I predict there will be no coverage of the story of Paul Eskimo Clark's repeated physical collapses during two tournaments. Both tournaments were interrupted in ways that were disruptive to the event. Clark, despite actually failing to the point that he urinated on himself during a final table, refused to leave his seat and stay in the hospital. Several stories went around about why. Some said he was on a romantic quest to win a bracelet or die in his chair while trying. Other stories said Clark owed people way too much money to get up and give it up for the year. If this had been baseball's World Series, we would've seen a feature piece about a player fighting physical adversity or a darker story about the player choosing to fight debt over the cause of preserving his health.
Now, sure, I'm writing here without any knowledge of what ESPN will do. Last year, the network felt forced by PokerNews writers Amy Calistri and Tim Lavali to discuss the 2006 Color-Up Scandal. There is nothing pushing ESPN to discuss the above stories. A good excuse will be that neither story was necessary to tell the tale of the World Series, that neither story was relevant, and that those stories all happened when ESPN wasn't around. All of those excuses fly, I suppose, but I'm waiting for the day when poker has grown enough that ESPN feels comfortable telling both the good and bad stories that surround poker. I'm not trashing ESPN. I think they are pretty good people overall and I enjoy their broadcasts. I just wonder how long it will be--if ever--that poker gets a real sport's treatment instead off World's Strongest Man coverage.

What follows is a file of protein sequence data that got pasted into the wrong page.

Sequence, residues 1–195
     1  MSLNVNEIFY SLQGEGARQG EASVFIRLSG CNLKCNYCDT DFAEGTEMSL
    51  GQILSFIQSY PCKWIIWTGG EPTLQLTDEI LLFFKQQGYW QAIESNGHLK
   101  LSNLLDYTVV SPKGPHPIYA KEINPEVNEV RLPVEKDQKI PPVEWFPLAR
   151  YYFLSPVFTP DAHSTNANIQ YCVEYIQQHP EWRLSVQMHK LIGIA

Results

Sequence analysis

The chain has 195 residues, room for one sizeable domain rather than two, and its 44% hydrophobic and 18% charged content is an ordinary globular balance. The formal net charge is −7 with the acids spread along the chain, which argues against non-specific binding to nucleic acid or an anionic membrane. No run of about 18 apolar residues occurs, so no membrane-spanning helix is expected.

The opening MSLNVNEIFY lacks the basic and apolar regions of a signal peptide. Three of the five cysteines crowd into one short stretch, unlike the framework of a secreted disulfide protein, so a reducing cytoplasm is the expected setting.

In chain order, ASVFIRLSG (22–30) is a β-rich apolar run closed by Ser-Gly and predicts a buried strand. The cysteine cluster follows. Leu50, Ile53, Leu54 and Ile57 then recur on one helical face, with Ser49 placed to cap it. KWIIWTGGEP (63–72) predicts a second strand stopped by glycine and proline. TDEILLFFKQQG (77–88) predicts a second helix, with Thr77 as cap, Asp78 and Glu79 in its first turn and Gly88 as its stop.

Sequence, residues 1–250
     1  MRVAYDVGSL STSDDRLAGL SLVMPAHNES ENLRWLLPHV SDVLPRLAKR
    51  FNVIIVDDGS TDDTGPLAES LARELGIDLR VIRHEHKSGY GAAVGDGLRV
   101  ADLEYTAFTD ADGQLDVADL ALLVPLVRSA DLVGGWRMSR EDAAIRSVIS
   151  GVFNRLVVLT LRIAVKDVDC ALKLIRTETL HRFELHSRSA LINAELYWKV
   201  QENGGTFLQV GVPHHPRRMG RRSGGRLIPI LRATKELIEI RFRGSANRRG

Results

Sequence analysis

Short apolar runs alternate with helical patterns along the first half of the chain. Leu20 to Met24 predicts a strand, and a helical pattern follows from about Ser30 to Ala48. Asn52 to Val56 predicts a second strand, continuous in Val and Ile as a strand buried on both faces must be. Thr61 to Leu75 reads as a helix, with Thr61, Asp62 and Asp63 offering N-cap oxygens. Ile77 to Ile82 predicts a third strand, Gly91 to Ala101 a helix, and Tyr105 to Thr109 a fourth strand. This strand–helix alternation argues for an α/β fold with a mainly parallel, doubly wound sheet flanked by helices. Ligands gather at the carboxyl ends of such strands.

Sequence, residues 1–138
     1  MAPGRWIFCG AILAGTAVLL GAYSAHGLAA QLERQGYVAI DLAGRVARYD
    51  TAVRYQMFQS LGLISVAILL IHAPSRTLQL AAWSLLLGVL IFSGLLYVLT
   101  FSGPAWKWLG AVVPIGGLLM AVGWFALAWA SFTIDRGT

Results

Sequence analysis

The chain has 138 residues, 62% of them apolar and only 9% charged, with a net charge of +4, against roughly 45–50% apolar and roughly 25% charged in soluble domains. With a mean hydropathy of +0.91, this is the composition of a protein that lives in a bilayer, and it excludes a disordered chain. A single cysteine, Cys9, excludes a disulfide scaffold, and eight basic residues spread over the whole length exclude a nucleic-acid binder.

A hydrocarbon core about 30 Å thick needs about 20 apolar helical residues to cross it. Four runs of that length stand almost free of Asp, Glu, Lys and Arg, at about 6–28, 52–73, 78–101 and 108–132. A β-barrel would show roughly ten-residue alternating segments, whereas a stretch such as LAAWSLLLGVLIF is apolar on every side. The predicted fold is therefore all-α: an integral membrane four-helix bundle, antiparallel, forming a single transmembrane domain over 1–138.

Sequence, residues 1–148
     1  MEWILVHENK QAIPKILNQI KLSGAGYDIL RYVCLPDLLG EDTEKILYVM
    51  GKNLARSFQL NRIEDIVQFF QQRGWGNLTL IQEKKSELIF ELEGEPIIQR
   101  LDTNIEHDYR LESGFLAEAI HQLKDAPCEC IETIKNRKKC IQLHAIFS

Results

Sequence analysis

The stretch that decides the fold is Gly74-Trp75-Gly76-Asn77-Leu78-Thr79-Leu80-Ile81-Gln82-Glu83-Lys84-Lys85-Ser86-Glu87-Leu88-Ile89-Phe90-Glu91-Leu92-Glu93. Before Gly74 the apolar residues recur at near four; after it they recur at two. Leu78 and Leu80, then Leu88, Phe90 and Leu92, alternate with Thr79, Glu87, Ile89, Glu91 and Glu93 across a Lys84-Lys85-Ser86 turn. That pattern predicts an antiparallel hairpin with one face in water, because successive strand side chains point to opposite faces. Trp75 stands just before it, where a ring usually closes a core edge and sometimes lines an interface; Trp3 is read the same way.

There was somebody from ESPN--and I'll just let you guess who--who in a private moment made a comment that drove it home for me. This person was talking about Tiffany Williamson's improbable run during the 2005 World Series. The quote: "Tiffany Williamson is so bad, she makes Ted Lawson look like Johnny Moss."
After I finished laughing, I wished I had heard that quote on TV. First, because it's funny as hell. Second, because it's true.
Truth is all I ask for.
[Note: I should note here that all of the above is in reference to ESPN's broadcast coverage. Its writing online, headed up by Andrew Feldman, is much more brave. Of course, ESPN.com had a problem with Pauly, so maybe not quite as brave as I would like yet.]
Finally, I have a few notes here and nothing much to do with them. They are also stories that you won't see on ESPN, however even in my addled post-Series mind, I don't think these belong on TV. They are just stories that don't have a place anywhere or even deserve their own blog post. They are good, bad, interesting, and boring. I just need to clear my notebook and start thinking about something else. For lack of somewhere better to put them, I'll drop them here.
The Milwaukee's Best marketing campaign got out of control